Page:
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Supersonic Passenger Flight May Be A Reality In the Near Future



This month marks the 20th anniversary of Concorde’s retirement and with it, a lengthy pause on regular, paying airline passengers, albeit those with healthy bank accounts, travelling faster than the speed of sound.

Many still mourn the distinctive, dart-shaped aircraft’s loss, deeming its costly tickets, urgent fuel use and thunderous sonic booms when it breached the sound barrier as acceptable prices to pay for being propelled across the Atlantic at Mach 2.

Supersonic travel looks to be on its way back, though, and in a cheaper, cleaner and quieter form. “Concorde was a technical marvel and well ahead of its time,” says Ben Murphy, vice president of Sustainability at Boom. “But it was a nationalistic project that hadn’t been built around a viable economical model. We can build on Concorde’s legacy with nearly 60 years of advancement in aerodynamics, materials and propulsion systems, with the use of sustainable aviation fuel (SAF) enabling the return of supersonic travel in an economical and environmentally sustainable manner.”

SAF is seen as the most viable route to reduce the carbon footprint of aviation and can cut a plane’s lifetime carbon dioxide emissions by 80%. It can be made by recycling waste materials from landfills and food production or produced synthetically by carbon capture from the air. SAF can also be mixed in a 50/50 ratio with regular aviation fuel to partially de-carbonise the airline fleets operating right now.

Overture’s propulsion is based entirely around SAF, with Murphy and his team all too aware that the aircraft’s green credentials are vital to the project winning favour. “Concorde was famously loud and dirty, after burning military-derived engines that produced a lot of particulate matter. That’s the image people have in their mind,” says Murphy, “We’ll travel twice as fast as a regular subsonic passenger plane over water and 20% faster over land, meaning we’ll burn up to 2.5 times as much fuel per flight, but with SAF giving us a net zero carbon footprint.”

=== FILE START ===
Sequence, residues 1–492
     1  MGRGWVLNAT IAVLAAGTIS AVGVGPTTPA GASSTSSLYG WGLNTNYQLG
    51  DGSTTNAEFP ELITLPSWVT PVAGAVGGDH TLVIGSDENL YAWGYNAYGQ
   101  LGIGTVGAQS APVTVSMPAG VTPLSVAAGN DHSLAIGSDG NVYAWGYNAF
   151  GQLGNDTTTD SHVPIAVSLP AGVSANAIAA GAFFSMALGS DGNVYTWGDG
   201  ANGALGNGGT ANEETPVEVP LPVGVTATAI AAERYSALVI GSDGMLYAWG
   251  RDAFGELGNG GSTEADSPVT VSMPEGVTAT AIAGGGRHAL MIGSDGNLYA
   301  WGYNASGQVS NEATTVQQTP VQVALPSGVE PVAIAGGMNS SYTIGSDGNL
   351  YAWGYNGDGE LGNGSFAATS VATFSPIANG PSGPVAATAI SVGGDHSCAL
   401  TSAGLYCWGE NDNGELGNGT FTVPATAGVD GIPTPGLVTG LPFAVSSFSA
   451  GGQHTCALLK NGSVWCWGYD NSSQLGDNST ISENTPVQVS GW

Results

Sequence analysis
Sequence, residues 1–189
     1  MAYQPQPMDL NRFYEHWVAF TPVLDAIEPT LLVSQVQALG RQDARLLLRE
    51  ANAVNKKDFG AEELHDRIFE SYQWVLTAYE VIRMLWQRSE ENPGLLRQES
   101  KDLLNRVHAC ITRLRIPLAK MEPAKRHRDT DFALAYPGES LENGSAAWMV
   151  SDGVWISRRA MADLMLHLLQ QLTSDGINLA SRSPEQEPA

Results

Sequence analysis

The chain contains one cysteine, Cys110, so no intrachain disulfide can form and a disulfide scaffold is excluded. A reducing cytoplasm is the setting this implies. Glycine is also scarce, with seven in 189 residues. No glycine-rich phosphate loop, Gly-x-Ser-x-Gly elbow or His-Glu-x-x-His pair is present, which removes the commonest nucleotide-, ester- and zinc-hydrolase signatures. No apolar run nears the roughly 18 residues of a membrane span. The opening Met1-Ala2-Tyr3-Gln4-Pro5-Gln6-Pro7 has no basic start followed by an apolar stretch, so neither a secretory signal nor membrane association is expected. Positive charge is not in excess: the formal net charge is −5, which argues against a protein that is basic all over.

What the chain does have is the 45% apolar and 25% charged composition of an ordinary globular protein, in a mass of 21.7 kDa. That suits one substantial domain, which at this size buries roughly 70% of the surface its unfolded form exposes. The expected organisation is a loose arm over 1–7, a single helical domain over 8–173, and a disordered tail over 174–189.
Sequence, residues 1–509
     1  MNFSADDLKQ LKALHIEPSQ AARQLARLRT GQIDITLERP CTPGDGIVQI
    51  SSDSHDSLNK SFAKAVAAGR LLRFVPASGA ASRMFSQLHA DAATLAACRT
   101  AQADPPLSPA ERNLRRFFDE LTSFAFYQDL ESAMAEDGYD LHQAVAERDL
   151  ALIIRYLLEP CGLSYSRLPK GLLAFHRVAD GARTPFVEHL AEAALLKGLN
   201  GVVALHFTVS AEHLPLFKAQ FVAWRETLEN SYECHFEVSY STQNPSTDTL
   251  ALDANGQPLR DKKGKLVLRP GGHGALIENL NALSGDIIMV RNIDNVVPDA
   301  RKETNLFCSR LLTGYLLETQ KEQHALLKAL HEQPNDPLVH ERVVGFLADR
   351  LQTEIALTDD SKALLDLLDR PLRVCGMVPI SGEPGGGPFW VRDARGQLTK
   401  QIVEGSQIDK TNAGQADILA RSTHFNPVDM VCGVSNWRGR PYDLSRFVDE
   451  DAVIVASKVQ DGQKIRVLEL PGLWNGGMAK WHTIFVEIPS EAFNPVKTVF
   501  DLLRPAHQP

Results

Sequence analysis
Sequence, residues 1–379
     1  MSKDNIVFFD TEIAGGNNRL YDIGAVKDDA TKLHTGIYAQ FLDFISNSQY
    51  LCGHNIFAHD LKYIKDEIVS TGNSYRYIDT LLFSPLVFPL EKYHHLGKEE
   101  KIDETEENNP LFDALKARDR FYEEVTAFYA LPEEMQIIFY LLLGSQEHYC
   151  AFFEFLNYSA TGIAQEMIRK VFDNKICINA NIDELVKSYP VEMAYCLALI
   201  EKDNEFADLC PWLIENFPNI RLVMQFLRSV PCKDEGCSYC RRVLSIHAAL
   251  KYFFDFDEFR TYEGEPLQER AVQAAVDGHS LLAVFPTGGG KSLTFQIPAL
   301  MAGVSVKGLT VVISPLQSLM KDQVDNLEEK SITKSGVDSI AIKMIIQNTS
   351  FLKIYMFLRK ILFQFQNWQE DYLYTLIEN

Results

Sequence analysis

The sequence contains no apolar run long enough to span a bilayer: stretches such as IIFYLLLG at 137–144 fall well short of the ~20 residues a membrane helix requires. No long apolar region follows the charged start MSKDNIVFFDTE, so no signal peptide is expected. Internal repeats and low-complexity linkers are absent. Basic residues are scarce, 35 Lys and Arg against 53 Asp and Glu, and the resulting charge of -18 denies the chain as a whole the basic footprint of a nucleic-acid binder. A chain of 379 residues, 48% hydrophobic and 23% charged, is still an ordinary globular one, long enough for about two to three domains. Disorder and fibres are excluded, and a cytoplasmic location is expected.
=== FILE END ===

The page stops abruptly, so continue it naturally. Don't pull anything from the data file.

In the early stages of the project, the team at Boom purchased old Concorde seats – “they’re basically an economy-class seat today” – to work out how to arrange the 64-80 business-class seats that’ll sit in each Overture. The thinking behind the smaller seats is that the faster journey times Overture will offer, makes the luxury of bigger, fully reclining, ‘lie-flat’ seats, as found in the more premium classes of today’s long-haul flights, unnecessary.

Overture’s longer range – 4,250 nautical miles versus Concorde’s 3,900 – opens up more than 600 economically viable routes and much greater variety than its forebear, with LA to Sydney possible with a fuel stop. Its top speed of Mach 1.7 lags a little behind Concorde’s Mach 2 but also negates the need for noisy afterburners, a fuel-guzzling solution usually found on military jets to increase the thrust of an engine.

London to New York in around four hours, versus Concorde’s three hours and 20 minutes, is still significantly quicker than a business-class flight at subsonic speeds. Overture’s expected routes will largely be over water, with supersonic travel currently prohibited over land to save those of us on the ground from the disruption of sonic booms. “We’ve made a software set that predicts where the sonic booms will propagate to find the fastest route,” says Murphy.

Overture won’t be the first Boom aircraft to fly, however. The company’s XB-1 experimental craft affectionately known as the "Baby Boom" is set to make its first test flight in Mojave’s supersonic corridor, in California, later this year.

Overture’s début flight is scheduled for 2027, with passengers due to travel by the end of the decade, with tickets expected to cost a little more than those of business-class prices. By the early 2030s, Boom hopes to be making 66 Overtures a year at its North Carolina plant.

Given those ambitions, what does Murphy have to say to anyone scaling back their air miles in pursuit of a greener planet? “Sometimes it gets lost that travel brings a lot of benefits,” he says. “A more connected world has brought huge economic growth and cultural exchanges lead to a more peaceful planet. We want to make people feel good about travelling. You can both travel and protect the planet. It’s not an ‘either/or’ situation with the technology we’re working on today.”